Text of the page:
I love this movie, it’s fair to say. I didn’t initially, though – New Groove is a film I didn’t appreciate during its brief cinematic run, and only came to love after numerous DVD screenings with my brother (who loved it from the start). The film’s breakneck speed and cavalier attitude to humor, from song puns, pop-culture meta gags (the fourth wall isn’t something this film concerns itself with, to be honest) and physics-defying magic amount to a hodgepodge of laughs and strained morality that some will find simply too adhoc to work well. I admit, New Groove requires a certain sense of humor to “get”, and if you don’t “get” this film, don’t worry. Plenty of others do. The story is actually fairly standard – a guy you hate and a guy you know is okay have to overcome their differences to thwart the plans of a scheming villain you love to watch work but secretly hope gets their comeuppance. It’s age-old Disney stuff, and although brushed with bright colors and a fresh coat of star talent vocals, it just works in spite of its bordering on cliche.
The best part of this film is Eartha Kitt’s Yzma, followed closely by Patrick Warburton’s Kronk, who gets the lions share of the best lines and gags. Kitt’s vocal style is deliciously evil here, as she grows increasingly frustrated by both Kronk’s ineptitude and moral center, and continual coincidence in thwarting her plans to be rid of Kuzco. New Groove is primarily a slapstick comedy, mixed with buddy comedy, and the hijinks are derived mainly from Yzma’s Looney Toons-esque plot hatching and failure. Warburton’s performance here (following a brief but cult appearance as televisions The Tick) cemented his ability to play the dull-but-smart Alpha Male Cliche, deep baritone and all, and it’s a part he did so well, he’s become known purely as that guy in every film or television show he’s appeared in since.
David Spade was initially the reason I couldn’t stand this movie, largely because of his association with Adam Sandler, and his inane portrayal of a complete douche on Just Shoot Me!, an inexplicably popular sitcom which also happened to star fellow Groove cast-member Wendie Malick. Although here, Malick plays a tough-talking mother of two to Pacha, and is far from the uppity shallow slut she played on television in that show. Spade’s Kuzco is indeed a thoroughly unlikeable dude, and he’s meant to be; the trouble I had is when Spade has to transform the character from being inordinately “bad” into being reformed, and without conviction I can say he largely succeeds in spite of me still wanting to punch him in the face. John Goodman’s Pacha (Goodman would also voice a Pixar character, Sully, in Monsters Inc the following year) is the hopeful yearning Good Guy we all strive to be; Pacha isn’t the most rounded character, and is fairly simplistic in motive and development, but Goodman makes him work.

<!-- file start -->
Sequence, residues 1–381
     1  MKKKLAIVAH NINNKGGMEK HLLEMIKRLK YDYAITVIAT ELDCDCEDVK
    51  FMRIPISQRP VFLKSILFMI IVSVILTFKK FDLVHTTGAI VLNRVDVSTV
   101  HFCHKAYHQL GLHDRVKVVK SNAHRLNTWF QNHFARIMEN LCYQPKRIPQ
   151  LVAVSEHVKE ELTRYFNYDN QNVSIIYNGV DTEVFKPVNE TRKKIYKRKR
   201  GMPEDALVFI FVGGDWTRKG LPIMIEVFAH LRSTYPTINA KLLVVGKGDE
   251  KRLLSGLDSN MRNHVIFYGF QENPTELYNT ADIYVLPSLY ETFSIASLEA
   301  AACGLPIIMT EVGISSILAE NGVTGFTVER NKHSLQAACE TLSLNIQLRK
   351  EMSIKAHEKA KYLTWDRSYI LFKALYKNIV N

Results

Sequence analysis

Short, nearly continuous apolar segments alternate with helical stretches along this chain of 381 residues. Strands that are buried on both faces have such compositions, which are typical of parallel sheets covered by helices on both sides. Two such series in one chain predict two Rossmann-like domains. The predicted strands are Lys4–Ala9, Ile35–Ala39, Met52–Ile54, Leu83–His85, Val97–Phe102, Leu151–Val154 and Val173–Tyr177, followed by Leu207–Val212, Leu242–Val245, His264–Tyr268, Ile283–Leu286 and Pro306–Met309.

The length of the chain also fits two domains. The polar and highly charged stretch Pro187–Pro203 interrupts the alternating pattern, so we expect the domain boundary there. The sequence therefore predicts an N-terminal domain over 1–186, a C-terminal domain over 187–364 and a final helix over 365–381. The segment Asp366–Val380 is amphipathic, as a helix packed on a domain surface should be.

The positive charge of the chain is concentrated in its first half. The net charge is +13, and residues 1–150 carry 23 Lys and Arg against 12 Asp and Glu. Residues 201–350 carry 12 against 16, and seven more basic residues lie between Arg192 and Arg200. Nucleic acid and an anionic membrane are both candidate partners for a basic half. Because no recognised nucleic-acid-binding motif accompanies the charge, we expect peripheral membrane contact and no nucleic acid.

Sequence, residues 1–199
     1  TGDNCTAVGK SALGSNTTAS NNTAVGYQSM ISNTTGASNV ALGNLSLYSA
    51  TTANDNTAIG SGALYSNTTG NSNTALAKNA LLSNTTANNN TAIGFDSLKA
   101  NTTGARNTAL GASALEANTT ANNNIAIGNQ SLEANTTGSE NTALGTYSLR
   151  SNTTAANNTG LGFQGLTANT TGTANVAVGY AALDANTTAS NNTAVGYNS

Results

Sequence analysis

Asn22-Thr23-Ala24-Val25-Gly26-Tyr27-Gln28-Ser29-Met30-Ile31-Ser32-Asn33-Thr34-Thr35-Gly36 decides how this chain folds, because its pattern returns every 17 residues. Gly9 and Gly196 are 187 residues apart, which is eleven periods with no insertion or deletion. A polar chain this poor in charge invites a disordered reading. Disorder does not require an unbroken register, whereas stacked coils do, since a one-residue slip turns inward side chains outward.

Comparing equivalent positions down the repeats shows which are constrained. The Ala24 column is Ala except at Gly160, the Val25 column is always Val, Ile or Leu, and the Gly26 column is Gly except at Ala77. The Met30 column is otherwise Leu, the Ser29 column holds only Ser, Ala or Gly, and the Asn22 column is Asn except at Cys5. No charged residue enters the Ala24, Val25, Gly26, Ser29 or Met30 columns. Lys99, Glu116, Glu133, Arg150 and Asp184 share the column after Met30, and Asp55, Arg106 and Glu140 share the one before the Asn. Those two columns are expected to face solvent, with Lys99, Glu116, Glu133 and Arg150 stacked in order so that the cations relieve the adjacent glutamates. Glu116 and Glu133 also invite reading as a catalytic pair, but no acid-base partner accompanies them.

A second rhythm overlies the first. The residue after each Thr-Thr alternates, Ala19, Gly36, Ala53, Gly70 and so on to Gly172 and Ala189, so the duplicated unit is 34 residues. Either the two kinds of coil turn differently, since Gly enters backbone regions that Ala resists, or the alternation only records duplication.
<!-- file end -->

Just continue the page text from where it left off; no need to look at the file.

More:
Groove’s sense of playful fun is evident from the opening frames – a delightful montage of Kuzco’s life and claims of perfection, set to Tom Jone’s “Theme Song Guy” ripping out a rendition of a narcissistic song to the title character. The film breaks the fourth wall, delights in not bothering to explain plot holes (it assumes it doesn’t have to) and dips a toe into the “zany” world established by Bugs Bunny and Daffy Duck many decades prior – it’s frantic, slapdash fun with a decent budget. For a Disney film, there’s also blessedly few songs to contend with – Sting’s only remaining input into the film would be the Oscar nominated “My funny friend and me”, which hangs on the closing credits (and has thematic input into John Debney’s terrific score).
I’m well aware of the Disney fanbase who despise this film purely because it’s so silly. Those clowns can’t see it for what it is: a playful, fanciful jaunt into slapstick comedy that made a change from the heavy, adult-themed features to come immediately prior (Dinosaur and Tarzan, especially) and frankly, it’s a blast from start to finish. It’s not strong in character development, and its humor ranges from delicious (Yzma as a kitten, which is hi-larious!) to uneven (a sequence inside an Incan diner is as inert a comedic sequence as you’ll ever see) to gut-busting (I’m sorry, you threw off the emperor’s groove), but it moves like a freight train of comedy, unstoppable and fast. And the film is barely over an hour long, including credits! It’s not exactly a trudge to get through. So I often wonder why people point to Groove with a frown on their frowny faces.
Look, if you’re after a good time filling in a Sunday afternoon out of the rain, you could do a lot worse than The Emperor’s New Groove. It’s not the most polished film Disney ever released, nor is it swamped with the acclaim of the films preceding it, but it delivers more than a few chuckles and some sweet-natured comedy and if that’s all you need, you’ll be happy. Groove yourself into the mood for this film, and you’ll find it a sweet treat of delicious cinematic slapstick that deserves more than it gets.